Maximizing ROI from your recruiting process.

by Gregory Hoyle

Approximately 70% of companies in the Life Sciences industry utilize a recruiting/staffing service provider to increase their network of qualified professionals and leaders. Why? There is a war for talent.  GTS Scientific was founded to provide a recruiting service for highly regarded life science organizations in need of an efficient screening and selection process.  As a service provider, direct communication with the decision maker generates all the difference in the hiring process.

A talent acquisition strategy that aligns the interest of the end user, with that of the recruiting fulfillment team is preferable. On average, this 30-minute time investment at the beginning of the search process saves days, weeks and even months of time saved at the end of the search. ROI in this process is achieved through clear communication and most importantly a Decision Maker Intake Call (DMIC).

The most important aspect of the DMIC is the information that isn’t apparent on most job boards.  Many of these job descriptions provide an ample number of “requirements.”  The intake call requires the decision maker to select at most five of those requirements versus the 15-20 seen on formal job descriptions.  Which new hire do you remember having 20 of 20 requirements “necessary” for the role?  As talent acquisition advisors, it’s our obligation to consult the hiring manager on realistic expectations from the labor market.

The DMIC also provides detail on the organization’s market position: Are they a small, medium, or large-sized company?  How are they funded?  What does career advancement look like for an interested candidate after 12 to 24 months in the role?  These factors often determine whether the qualified candidate would be interested in the company and more importantly the long-term opportunity.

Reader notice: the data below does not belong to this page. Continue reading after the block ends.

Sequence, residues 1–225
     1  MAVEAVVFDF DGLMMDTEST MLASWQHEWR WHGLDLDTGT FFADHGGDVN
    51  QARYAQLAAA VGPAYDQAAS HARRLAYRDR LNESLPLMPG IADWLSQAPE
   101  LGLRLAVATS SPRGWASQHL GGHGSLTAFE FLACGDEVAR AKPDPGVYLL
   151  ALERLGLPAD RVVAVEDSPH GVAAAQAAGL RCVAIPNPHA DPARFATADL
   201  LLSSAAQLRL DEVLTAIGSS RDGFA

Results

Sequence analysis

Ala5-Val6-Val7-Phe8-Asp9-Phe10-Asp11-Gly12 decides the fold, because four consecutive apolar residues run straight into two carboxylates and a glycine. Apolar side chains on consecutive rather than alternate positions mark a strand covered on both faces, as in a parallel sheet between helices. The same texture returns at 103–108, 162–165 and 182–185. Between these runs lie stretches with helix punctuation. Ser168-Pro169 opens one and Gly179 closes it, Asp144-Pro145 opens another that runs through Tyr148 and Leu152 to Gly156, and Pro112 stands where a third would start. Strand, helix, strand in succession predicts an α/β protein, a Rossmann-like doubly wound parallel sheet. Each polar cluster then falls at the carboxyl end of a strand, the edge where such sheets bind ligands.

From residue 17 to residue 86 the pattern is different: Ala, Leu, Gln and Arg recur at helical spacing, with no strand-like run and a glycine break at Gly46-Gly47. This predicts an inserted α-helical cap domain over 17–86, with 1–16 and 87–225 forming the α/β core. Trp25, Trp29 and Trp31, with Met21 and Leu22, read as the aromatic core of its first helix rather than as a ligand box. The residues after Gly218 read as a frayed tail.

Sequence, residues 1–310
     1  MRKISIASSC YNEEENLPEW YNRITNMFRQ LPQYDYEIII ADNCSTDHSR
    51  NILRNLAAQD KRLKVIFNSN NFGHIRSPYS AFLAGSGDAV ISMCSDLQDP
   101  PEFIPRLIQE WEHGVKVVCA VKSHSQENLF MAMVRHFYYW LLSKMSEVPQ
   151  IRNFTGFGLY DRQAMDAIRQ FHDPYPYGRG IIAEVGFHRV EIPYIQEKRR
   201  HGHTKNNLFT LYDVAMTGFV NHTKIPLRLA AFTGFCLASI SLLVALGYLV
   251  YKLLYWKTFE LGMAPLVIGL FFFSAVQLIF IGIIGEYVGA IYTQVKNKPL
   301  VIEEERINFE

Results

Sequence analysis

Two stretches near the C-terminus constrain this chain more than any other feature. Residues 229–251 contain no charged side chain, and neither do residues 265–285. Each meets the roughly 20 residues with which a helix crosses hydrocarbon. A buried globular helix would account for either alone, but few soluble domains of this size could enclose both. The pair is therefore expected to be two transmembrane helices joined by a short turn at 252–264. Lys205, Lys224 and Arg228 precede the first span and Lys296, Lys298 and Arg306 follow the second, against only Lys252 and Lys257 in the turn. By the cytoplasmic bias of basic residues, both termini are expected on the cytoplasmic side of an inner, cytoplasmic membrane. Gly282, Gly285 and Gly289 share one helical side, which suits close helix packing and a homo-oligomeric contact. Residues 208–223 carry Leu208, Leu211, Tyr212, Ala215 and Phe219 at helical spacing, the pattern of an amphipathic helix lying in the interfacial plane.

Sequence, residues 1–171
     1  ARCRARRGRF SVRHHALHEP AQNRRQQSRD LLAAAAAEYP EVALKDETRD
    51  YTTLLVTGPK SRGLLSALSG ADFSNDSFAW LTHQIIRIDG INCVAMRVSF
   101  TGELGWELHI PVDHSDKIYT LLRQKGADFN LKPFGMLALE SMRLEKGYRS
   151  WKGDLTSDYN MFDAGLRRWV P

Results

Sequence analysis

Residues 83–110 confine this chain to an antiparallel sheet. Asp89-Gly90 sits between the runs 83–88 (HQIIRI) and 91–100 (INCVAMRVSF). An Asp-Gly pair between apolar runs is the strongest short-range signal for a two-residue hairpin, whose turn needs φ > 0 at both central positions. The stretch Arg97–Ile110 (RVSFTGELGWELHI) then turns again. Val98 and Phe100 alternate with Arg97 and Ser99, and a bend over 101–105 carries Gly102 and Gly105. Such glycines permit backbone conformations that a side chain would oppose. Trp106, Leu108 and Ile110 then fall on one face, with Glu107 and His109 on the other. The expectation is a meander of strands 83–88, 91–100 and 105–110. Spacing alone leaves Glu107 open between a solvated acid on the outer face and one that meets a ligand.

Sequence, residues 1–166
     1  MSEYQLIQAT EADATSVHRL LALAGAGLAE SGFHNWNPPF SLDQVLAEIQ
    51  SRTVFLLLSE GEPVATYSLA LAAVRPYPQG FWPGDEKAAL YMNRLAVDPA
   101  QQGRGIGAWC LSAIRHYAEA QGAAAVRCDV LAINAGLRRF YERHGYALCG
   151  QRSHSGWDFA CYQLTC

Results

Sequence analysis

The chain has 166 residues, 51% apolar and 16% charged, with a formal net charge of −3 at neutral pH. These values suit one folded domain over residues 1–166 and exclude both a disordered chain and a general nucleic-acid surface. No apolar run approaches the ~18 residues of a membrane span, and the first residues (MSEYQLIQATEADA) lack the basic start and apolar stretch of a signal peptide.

Even great operating companies often substitute the DMIC between their internal hiring manager and their recruiting service with less helpful techniques. These substitutions are paper job descriptions (often dated), or a requisition call with their internal human resources or talent acquisition representative; who at times doesn’t weigh in on the final hiring decision and often does not conduct the final interview. Each of these scenarios put the service provider in an adverse situation, left to interpret the decision maker’s request via a paper trail, or word of mouth.

Additional expectations are set during the DMIC regarding the interview process.  Most recruiters have spoken with hiring managers who would like to “interview 5-10 good candidates in order to make a decision”.  As talent acquisition advisors our role is to consult with the decision maker advising a reasonable number of candidates that are available and interested in the company and career opportunity. Hiring managers miss out on talent by extending the interview process and waiting for comparison candidates.  Four qualified candidates, at most, is what we advise for technical skill sets.  For the most niche skill sets the number of qualified candidates can be as few as one or two.  In the current labor market, qualified candidates will accept competing offers if the decision maker hesitates and wants to conduct comparison interviews.

In 2018, GTS Scientific was five times more likely to fill a hiring manager or decision makers requisition in the first 45 days when a DMIC took place. Furthermore, GTS averaged three candidates to interview for every offer accepted – 3:1 interview to offer ratio versus 5:1 interview to offer ratio – for requirements lacking a DMIC.

A 30-minute time allocation by the decision maker with their service provider before the recruiting process begins is rewarded with great service and the proper candidates.  Assuming the average interview takes 30 minutes and three managers will interview each candidate, the DMIC saves clients 2½ hours per position on unnecessary interviews alone. Providing data and analytics to a decision maker is the best way to show the operational excellence the intake call provides.

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